A further statement on this same subject is found in the case of Jacobs v. United States, 290 U.S. 13, at pages 16 and 17, 54 S.Ct. 26, at page 28, 78 L.Ed. 142, 96 A.L.R. 1. The court held as follows: ‘The amount recoverable was just compensation, not inadequate compensation. The concept of just compensation is comprehensive, and includes all elements, ‘and no specific command to include interest is necessary when interest or its equivalent is a part of such compensation.’ The owner is not limited to the value of the property at the time of the taking; ‘he is entitled to such addition as will produce the full equivalent of that value paid contemporaneously with the taking.’ Interest at a proper rate ‘is a good measure by which to ascertain the amount to be added.’ * * *'
These authorities in our opinion announce a fair and just rule, which we think should be applied and followed by this court in its decision of the instant case. Appellant has not produced any persuasive authorities to the contrary. Neither has it advanced any good reason why the respondents are not entitled to interest for the time they were deprived of possession of their property prior to judgment. It does call our attention to evidence in the case to the effect that the value of the property sought to be condemned was fixed at the date of the trial of said action, and that its value was then 40 per cent more than at the commencement of the action. It follows, so the appellant states, that respondents, if allowed interest, will have received both the enhanced value of their property and interest on its value from the date possession was taken. So it would appear. But we can see no injustice in allowing interest under those condition. Had appellant not taken possession prior to judgment, the respondents would have been entitled to the enhanced value of their property the same as if possession had been taken. The value of respondents' property at the date of trial, whether less or more, was the measure of respondents' damage for the taking of their property, but it did not cover respondents' damage for being deprived of the use of said property prior to judgment. In our view of the merits of this appeal, we are of the opinion that interest was properly allowed under the facts of this case.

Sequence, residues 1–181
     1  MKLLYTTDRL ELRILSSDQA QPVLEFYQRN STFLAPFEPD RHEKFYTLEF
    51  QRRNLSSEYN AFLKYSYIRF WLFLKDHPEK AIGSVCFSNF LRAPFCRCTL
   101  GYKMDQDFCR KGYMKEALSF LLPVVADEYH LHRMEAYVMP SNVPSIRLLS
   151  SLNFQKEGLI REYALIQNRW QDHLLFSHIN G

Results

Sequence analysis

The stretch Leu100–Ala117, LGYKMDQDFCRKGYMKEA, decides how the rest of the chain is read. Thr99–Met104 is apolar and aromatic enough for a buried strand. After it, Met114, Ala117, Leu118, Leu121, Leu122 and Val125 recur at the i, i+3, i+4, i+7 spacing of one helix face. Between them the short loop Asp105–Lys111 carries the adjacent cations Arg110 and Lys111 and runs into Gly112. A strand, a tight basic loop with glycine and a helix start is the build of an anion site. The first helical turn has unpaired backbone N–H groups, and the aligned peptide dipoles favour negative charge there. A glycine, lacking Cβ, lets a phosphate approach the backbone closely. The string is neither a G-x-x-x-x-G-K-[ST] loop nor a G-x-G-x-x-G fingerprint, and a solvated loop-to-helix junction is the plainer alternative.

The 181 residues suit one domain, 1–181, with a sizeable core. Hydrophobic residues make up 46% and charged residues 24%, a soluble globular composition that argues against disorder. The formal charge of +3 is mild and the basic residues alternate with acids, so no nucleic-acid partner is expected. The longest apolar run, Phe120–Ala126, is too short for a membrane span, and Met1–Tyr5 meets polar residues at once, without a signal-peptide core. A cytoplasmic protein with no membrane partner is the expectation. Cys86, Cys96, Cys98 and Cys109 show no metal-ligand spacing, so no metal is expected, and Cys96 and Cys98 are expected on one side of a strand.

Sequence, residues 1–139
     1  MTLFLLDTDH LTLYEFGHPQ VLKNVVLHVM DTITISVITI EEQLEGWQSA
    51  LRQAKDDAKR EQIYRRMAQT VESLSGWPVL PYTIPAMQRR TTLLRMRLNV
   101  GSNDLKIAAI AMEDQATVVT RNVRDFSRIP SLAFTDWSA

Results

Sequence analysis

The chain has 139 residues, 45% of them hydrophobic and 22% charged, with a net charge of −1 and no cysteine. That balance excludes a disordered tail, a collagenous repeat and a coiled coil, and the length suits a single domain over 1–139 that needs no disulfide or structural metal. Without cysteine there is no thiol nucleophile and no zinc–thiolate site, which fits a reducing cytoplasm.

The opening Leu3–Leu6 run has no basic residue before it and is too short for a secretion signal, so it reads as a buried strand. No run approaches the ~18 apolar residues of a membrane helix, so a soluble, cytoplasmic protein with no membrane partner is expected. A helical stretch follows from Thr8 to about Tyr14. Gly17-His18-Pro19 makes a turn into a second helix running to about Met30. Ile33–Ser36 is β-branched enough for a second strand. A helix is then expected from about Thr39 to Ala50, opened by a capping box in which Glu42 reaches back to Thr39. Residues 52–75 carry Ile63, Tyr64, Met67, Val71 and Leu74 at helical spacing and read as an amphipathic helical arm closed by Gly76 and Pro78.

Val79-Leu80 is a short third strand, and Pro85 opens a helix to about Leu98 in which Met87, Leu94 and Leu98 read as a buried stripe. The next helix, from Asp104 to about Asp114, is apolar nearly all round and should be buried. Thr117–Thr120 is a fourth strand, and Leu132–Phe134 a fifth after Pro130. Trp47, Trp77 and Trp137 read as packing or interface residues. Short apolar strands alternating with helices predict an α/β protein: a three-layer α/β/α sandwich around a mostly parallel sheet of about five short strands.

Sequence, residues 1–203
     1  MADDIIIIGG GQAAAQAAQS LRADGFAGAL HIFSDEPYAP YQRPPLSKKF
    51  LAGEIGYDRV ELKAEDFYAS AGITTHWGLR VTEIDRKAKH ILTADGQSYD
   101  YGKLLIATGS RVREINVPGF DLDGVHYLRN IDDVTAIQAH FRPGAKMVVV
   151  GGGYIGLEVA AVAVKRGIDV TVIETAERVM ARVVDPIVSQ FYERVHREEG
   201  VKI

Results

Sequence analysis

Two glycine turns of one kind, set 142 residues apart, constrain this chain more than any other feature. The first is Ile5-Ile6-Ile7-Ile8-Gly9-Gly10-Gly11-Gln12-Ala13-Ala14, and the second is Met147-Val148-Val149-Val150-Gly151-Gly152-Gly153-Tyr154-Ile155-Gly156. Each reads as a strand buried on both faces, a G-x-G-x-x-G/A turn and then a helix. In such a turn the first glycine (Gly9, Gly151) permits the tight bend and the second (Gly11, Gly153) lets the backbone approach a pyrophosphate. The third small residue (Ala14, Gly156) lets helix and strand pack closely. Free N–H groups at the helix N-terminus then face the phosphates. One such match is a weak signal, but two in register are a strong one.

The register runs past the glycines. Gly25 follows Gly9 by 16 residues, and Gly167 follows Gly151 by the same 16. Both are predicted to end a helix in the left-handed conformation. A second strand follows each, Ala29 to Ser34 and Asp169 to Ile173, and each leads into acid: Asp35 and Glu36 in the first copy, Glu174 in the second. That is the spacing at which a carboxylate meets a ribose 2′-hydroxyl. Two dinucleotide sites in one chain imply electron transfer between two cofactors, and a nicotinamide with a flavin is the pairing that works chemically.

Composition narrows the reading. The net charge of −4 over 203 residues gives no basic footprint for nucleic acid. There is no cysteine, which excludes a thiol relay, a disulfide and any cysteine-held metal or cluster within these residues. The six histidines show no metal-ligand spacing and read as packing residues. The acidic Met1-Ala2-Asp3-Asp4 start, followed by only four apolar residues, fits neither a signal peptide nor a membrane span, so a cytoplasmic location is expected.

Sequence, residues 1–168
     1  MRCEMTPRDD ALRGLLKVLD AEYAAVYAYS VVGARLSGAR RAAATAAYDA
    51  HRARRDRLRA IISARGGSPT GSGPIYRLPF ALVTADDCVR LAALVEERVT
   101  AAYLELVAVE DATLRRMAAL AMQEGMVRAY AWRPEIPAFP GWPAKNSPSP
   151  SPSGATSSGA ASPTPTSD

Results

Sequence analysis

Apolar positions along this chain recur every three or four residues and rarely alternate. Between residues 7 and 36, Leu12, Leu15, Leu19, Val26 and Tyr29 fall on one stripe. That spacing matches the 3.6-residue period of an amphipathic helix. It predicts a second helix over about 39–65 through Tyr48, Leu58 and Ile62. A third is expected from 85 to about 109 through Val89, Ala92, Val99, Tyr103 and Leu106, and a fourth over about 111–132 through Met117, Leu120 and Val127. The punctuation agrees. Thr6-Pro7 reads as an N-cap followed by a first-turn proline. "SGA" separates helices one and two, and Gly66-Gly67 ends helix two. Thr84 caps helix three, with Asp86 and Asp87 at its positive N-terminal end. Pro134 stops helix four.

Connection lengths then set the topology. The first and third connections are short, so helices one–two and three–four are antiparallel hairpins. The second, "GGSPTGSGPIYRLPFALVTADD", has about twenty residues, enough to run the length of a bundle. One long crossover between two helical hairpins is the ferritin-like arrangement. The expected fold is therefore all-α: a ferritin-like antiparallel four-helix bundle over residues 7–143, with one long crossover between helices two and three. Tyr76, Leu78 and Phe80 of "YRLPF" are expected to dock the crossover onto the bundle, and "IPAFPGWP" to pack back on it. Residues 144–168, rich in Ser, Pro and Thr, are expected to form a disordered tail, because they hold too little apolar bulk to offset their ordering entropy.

The judgment is affirmed.
For the reasons state by the District Court of Appeal when this case was decided by that court, 99 P.2d 675, I believe that the respondents are not entitled to interest upon the value of their respective parcels of land and that those portions of the judgment appealed from should be reversed.
We concur: GIBSON, C. J.; SHENK, J.; CARTER, J.; SPENCE, Justice pro tem.
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Docket No: L. A. 17512.
Decided: December 02, 1940
Court: Supreme Court of California.